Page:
TRWBW | mingkus: um, nope mindwarp: it's f(x)=log(1+x), f'(x)=1/(1+x) |

futurist | 0 and ln2 |

TRWBW | futurist: f'(x) not f(x) |

futurist | oh, 1/2 and 1 |

mingkus | you are trying to prove this right x/2 < log(1+x) < x ?? |

TRWBW | futurist: and if using the mean value you get x*f'(t) for some t in [0,x] which means t also in [0,1], what can you say about x*f'(t)? futurist: if f'(t) is in [1/2,1], what can you say x*f'(t) is in? |

futurist | lemme think about that for a second |

TRWBW | futurist: if a is in [1/2,1], what can you say a*b is in? |

futurist | oh [b/2,b] -- i was starting at the x*f'(t) thing |

mingkus | futurist: x/2 < log(1+x) < x for x in [0,1], is that what you want to prove? |

TRWBW | futurist: okay, so back to the last one futurist: if f'(t) is in [1/2,1], what can you say x*f'(t) is in? |

futurist | mingkus yeah oh, [x/2,x] hmm weird |

TRWBW | futurist: look helpful? |

mingkus | futurist: is it log(1 + x) or ln(1 + x) |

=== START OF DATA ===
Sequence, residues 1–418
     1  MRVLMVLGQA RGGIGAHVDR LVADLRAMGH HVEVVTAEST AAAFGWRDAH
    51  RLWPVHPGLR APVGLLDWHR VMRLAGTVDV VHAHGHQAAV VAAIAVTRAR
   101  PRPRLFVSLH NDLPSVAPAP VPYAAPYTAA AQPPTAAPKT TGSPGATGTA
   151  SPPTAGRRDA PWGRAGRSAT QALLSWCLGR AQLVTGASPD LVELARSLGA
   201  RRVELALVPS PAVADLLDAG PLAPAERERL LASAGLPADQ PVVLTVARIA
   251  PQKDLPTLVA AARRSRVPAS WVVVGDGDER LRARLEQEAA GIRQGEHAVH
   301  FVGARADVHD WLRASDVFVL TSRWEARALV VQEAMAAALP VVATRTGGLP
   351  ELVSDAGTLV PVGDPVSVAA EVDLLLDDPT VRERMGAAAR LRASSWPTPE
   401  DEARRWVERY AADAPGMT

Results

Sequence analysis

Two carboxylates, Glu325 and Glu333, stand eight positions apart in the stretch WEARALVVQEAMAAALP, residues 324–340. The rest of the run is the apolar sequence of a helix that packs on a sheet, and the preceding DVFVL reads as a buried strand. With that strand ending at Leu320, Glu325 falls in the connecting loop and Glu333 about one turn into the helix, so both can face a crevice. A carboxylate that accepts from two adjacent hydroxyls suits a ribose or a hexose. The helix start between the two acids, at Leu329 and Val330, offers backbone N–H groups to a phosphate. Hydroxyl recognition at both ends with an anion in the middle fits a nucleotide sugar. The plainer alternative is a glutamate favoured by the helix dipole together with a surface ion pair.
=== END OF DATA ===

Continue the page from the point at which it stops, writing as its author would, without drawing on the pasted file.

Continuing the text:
Safrole | How about using the convexity of the log function? Is that applicable to this problem? |

futurist | so x/(1+x) is in the desired intervale |

TRWBW | ? |

futurist | f'(x) = 1/(1+x) |

mingkus | not if it log |

futurist | i mean, x/(1+x) is in the interval we want to show log(1+x) is in ln |

TRWBW | futurist: you want to show that f(x) is in [x/2,x]. MVT tells you f(x)=f'(t)*x for some t in [0,x]. you just showed f'(t)*x is in [x/2,x] |

futurist | log = ln in this book |

mingkus | log at base e is equal to ln k i know how to do it |

futurist | mingkus yes |

action | TRWBW shaves his head |

TRWBW | shaves his head oops shakes |

mingkus | devide in 2... |

Safrole | lol |

mingkus | x/2 < log(1+x) and log(1+x) < x |

TRWBW | futurist: you want to show that f(x) is in [x/2,x]. MVT tells you f(x)=f'(t)*x for some t in [0,x]. you just showed f'(t)*x is in [x/2,x] |

mingkus | or ln sorry |

futurist | ah |